You Can Choose a Private Alternative to Original Medicare

When you’re exploring your Medicare options in Florida and Texas, you’ll find that you can choose a Medicare Advantage (Part C) plan as a private alternative to Parts A and B. These programs can provide healthcare services that Original Medicare doesn’t cover — and sometimes for a premium as low as $0.

With that in mind, all Advantage plans have certain rules that you must follow. There are different plans that have different restrictions. Two of the most popular types of Medicare Advantage plans are HMOs and PPOs. It’s important to understand how the costs and coverage differ among these two programs, so you can determine which is right for you.

What Are Medicare HMOs?

Medicare beneficiaries in Florida can access their services through health maintenance organizations (HMOs). The insurance company contracts with specific doctors and physicians in your area to create a network. When you join a Medicare HMO, you’re agreeing to get your care through the plan’s network unless it’s an emergency situation. If you use a provider that is out of network, you typically pay the full cost of services on your own.

A primary care physician (PCP) will coordinate your healthcare and refer you to specialists. If your current physician isn’t part of the plan’s network, consider switching to another doctor. Since you must use health services within a certain network, HMO plans might not be available in some regions.

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What Are Medicare PPOs?

Like an HMO plan, a preferred provider organization (PPO) plan has a network of providers. You can go to any Medicare-approved provider you want, but it costs less to stay in the network and use a preferred provider.

However, Medicare PPOs give you more flexibility than HMOs. You don’t need a PCP and can coordinate your own healthcare services. Most of the time, you don’t need a referral to see a specialist. With PPO plans, you have a larger choice of providers — which makes PPOs widely available in most locations.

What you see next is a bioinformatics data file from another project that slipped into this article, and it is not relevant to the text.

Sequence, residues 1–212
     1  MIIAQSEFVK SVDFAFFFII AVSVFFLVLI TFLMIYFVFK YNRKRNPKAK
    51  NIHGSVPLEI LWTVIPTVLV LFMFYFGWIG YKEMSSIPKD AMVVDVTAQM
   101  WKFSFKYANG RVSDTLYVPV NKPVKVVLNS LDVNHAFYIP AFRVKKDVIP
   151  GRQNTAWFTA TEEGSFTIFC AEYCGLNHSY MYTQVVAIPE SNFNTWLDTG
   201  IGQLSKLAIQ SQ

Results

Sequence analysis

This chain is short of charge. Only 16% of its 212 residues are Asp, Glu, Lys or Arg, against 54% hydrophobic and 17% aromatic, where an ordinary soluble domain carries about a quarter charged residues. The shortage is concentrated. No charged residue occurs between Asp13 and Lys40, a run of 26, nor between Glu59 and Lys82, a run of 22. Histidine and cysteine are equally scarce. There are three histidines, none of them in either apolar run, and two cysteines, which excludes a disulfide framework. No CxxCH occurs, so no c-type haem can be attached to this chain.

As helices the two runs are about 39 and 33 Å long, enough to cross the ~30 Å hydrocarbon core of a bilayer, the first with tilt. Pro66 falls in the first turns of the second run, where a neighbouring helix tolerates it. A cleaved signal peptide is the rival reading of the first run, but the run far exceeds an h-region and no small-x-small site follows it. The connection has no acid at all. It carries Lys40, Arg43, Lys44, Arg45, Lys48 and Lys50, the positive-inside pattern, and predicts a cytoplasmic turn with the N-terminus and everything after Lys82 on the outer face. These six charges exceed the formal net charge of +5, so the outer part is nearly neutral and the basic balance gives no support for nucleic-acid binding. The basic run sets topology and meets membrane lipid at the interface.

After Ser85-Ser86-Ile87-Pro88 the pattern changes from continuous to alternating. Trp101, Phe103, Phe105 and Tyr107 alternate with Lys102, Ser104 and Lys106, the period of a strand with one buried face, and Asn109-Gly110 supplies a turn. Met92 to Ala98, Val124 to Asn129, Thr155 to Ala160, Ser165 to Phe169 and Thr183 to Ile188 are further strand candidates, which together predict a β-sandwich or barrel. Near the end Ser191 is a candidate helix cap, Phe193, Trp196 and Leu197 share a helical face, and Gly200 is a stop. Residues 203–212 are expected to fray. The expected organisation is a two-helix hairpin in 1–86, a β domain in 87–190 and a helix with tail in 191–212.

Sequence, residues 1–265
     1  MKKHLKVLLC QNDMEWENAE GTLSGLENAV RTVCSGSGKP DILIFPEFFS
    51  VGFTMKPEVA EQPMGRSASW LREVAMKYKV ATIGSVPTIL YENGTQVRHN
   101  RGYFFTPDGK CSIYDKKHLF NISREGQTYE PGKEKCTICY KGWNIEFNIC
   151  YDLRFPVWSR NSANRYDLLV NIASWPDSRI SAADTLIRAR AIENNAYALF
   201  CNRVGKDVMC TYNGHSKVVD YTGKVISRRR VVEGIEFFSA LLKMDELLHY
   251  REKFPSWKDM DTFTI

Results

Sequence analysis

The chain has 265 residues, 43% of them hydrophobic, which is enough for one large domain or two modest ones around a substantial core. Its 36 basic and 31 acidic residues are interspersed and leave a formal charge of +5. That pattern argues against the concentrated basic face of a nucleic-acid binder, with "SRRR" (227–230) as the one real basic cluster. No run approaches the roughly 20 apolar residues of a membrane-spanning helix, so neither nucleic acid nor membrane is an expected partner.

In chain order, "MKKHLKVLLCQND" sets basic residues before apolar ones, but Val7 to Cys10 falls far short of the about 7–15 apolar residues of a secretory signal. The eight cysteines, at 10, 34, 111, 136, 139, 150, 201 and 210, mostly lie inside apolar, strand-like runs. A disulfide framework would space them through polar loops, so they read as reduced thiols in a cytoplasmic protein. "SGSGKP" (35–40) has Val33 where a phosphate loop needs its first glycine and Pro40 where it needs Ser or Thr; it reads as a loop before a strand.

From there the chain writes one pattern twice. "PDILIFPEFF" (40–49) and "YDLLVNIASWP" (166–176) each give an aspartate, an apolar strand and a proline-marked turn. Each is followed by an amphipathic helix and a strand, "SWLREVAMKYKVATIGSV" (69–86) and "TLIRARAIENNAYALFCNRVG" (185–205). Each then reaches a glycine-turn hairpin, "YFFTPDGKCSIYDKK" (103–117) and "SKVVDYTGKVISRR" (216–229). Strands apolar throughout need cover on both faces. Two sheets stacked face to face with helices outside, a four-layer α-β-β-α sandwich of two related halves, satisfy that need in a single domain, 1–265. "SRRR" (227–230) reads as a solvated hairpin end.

HMO and PPO Comparison Chart

Both HMOs and PPOs use a network of healthcare service providers. The primary difference is how you, the policyholder, can use the networks. 

Both types of plans may also cover additional services, such as dental, vision, and hearing. Additional benefits may increase your premium or other out-of-pocket expenses. Here’s a comparison chart to help:

** Important Note: If you enroll in an HMO or PPO, you can’t sign up for a separate prescription drug plan. Make sure your plan includes drug coverage if you need it.

Which Plan Is Right for You?

If you want a little more freedom and like the idea of being able to guide your own care, a PPO plan may be a great fit for you.

If you want to pay lower premiums and like the thought of your care being more managed, then an HMO may be a good option for you. 

Each plan type has its pros and cons. You should consider which type would be best for your needs, location, and budget when searching for an HMO or PPO plan. 

Lacayo Group Insurance Can Help

Choosing a Medicare Advantage plan is an individual decision. The right plan for your neighbor or relative may not be the right choice for you. If you’re interested in joining a PPO or an HMO, but can’t decide which option is best, reach out to Lacayo Group Insurance today. 

We specialize in Florida and Texas Medicare products. And we can help you consider variables that are specific to your situation, like whether your doctor is in the network and if the plan has a prescription drug formulary that lists your medications.